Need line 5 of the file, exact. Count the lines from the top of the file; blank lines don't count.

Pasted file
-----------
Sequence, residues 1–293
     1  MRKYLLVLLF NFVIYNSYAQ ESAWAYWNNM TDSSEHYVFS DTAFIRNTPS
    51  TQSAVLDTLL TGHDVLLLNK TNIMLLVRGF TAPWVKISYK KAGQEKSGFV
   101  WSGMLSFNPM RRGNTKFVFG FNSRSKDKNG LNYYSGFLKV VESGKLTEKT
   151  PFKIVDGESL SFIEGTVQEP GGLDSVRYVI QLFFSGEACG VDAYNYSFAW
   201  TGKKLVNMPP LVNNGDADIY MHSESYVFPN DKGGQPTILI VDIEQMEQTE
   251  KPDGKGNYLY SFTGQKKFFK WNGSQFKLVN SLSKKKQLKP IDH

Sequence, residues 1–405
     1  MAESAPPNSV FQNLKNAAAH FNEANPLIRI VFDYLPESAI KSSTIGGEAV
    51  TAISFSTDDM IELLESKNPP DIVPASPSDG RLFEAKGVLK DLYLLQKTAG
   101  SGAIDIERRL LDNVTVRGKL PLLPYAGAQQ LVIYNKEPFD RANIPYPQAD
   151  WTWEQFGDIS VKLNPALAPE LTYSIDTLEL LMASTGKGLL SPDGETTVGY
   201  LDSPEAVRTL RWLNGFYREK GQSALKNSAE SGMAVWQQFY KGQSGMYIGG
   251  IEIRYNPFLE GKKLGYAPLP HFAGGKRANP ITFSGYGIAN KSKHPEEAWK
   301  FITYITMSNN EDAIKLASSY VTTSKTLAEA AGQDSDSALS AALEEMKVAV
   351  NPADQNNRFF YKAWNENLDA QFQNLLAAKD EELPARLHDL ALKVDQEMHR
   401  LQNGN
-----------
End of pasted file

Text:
   151  PFKIVDGESL SFIEGTVQEP GGLDSVRYVI QLFFSGEACG VDAYNYSFAW